(29) The contention of Mr. Palshikar that the Supreme Court decision in Virupaxappa's case, : AIR1963SC849 was modified and superseded by their later decision in : [1964]3SCR742 was based on the assumption that the Supreme Court had interpreted section 161 of the Bombay Police Act differently in the later case but that assumption was unwarranted. A perusal of the later decision would show that their Lordships were interpreting would show that their Lordships were interpreting section 53 of the Madras District Police Act and not section 161 of the Bombay Police Act. That section 53 of the Madras District Police Act, as quoted in the aforesaid decision, is in the following terms:

'All actions and prosecutions against any person, which may be lawfully brought for anything done or intended to be done under the provisions of this Act or under the provisions of any other law for the time being in force conferring powers on the police shall be commenced within three months after the act complained of shall have been committed and not otherwise.'

A comparison of this provision with section 161(1) of the Bombay Police Act would show that the two are widely different. Since the two provisions are not in pari materia it would not be permissible to apply the interpretation of that section while interpreting section 161 of the Bombay Police Act.

(30) Moreover, Mr. Palshikar was also not right in suggesting that the earlier decision in Virupaxappa's case, : AIR1963SC849 was overruled or modified by their Lordships of the Supreme Court in their later decision. Paragraph 15 in the later decision was in these terms:-

'This aspect of the matter was emphasized by this Court recently in : AIR1963SC849 when examining the language of a similar provision in the Bombay District Police Act.'

The similarity referred to in the two provisions in section 53 of the Madras District Police Act and in section 161 of the Bombay Police Act was only with respect to the words 'under the provision of law'. I have already pointed out that the point to be considered in the present case was whether the impugned acts were or were not under colour of duty or authority of the accused and it would not be possible to agree with Mr. Palshikar that the impugned acts cannot be treated as under colour or in excess of the duty because they did not fall under the wordings of section 53 of the Madras District Police Act or under the provision of any other law for the time being in force.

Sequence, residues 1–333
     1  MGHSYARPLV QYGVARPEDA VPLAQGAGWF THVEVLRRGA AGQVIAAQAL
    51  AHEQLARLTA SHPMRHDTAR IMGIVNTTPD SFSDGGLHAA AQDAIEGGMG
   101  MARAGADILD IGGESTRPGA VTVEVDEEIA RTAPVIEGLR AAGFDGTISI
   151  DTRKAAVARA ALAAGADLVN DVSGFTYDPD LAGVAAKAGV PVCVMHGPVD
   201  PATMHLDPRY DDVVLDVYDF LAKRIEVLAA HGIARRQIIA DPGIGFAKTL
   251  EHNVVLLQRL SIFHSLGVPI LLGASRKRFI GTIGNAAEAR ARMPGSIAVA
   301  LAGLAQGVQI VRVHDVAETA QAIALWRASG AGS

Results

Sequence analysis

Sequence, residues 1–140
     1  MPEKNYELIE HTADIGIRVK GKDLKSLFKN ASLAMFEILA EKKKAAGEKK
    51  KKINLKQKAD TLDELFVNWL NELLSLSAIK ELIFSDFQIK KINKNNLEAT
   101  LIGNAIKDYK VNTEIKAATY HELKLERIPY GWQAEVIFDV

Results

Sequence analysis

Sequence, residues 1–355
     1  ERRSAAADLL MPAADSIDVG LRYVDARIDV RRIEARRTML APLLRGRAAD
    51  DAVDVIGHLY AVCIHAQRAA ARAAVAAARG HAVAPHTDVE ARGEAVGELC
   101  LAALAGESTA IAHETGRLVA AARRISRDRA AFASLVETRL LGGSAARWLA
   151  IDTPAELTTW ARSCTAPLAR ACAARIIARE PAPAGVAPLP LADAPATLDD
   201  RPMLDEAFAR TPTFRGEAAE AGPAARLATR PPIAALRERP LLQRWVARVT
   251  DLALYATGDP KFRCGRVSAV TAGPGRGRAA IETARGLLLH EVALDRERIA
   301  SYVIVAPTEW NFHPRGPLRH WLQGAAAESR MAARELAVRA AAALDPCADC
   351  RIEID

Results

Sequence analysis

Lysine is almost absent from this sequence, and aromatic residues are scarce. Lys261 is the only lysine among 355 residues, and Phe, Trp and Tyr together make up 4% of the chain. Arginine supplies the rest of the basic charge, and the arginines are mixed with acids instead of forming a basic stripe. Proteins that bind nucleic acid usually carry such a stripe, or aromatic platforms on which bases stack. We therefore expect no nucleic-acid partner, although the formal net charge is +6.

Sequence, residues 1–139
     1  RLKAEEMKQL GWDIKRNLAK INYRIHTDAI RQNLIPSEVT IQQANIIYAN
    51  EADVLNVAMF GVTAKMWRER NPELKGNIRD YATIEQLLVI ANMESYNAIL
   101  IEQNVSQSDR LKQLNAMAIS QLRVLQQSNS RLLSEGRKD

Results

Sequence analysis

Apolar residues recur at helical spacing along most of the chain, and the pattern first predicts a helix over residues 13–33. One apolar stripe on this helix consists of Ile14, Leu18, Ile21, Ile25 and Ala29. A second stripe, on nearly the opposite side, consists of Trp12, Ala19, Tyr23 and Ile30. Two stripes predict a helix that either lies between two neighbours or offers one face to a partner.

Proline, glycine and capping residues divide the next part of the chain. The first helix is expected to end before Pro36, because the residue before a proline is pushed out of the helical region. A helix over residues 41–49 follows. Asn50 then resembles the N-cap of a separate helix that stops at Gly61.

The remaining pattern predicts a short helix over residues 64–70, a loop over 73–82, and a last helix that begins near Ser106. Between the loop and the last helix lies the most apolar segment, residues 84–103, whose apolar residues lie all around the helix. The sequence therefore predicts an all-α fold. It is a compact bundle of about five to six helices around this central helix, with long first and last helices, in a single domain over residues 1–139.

(31) Mr. Palshikar was not right in his submission that the decision in Virupaxappa's case, : AIR1963SC849 which had interpreted the provisions of section 161 of the Bombay Police Act was not in point. Their Lordships of the Supreme Court while considering the wordings of section 161 of the Bombay Police Act have held as follows:

'The expression 'under colour of something' or 'under colour of duty', or 'under colour of office' is not infrequently used in law as well as in common parlance. Thus in common parlance when a person is entrusted with the duty of collecting funds for, say, some charity and he uses that opportunity to get money for himself, we say of him that he is collecting money for himself under colour of making collections for a charity. Whether or not when the act bears the true colour of the office or duty or right, the act may be said to be done under colour of that right, office or duty, it is clear that when the colour is assumed as a cover or a cloak for something which cannot properly be done in performance of the duty or in exercise of the right or office, the act is said to be done under colour of the office or duty or right. It is reasonable to think that the legislature used the words 'under colour' in section 161(1) to include this sense. It is helpful to remember in this connection that the words 'colour of office' have been stated in many law lexicons to have the meaning just indicated above.'

In the face of that direct pronouncement, there was no substance in the contention that the section had not been interpreted by the Supreme Court or that that decision of the supreme Court was not applicable to the facts of the present case.

(32) Mr. Phadke was right in pointing out that their Lordships of the supreme Court had not explained the expression 'in excess of any such duty or authority' as appearing in section 161 in their decision in Virupaxappa's case, : AIR1963SC849 as that was not necessary for the decision of the facts therein. The provisions of section 161 of the Bombay Police Act, 1951 are analogous to the provisions of section 80 of the Bombay District Police Act, 1890. The question whether the acts of an investigating officer in deliberately taking down the statement of a witness incorrectly come within the expression 'done under colour or in excess of a duty imposed or any authority conferred' within the meaning of section 80 of the Bombay District Police Act, 1890, had arisen in a criminal case. Upon a reference, the Full Bench gave its opinion on that question in AIR 1928 Bom 352 . The Full Bench did not explain the expression 'in excess of duty or authority', but delivered the following opinion on that question:-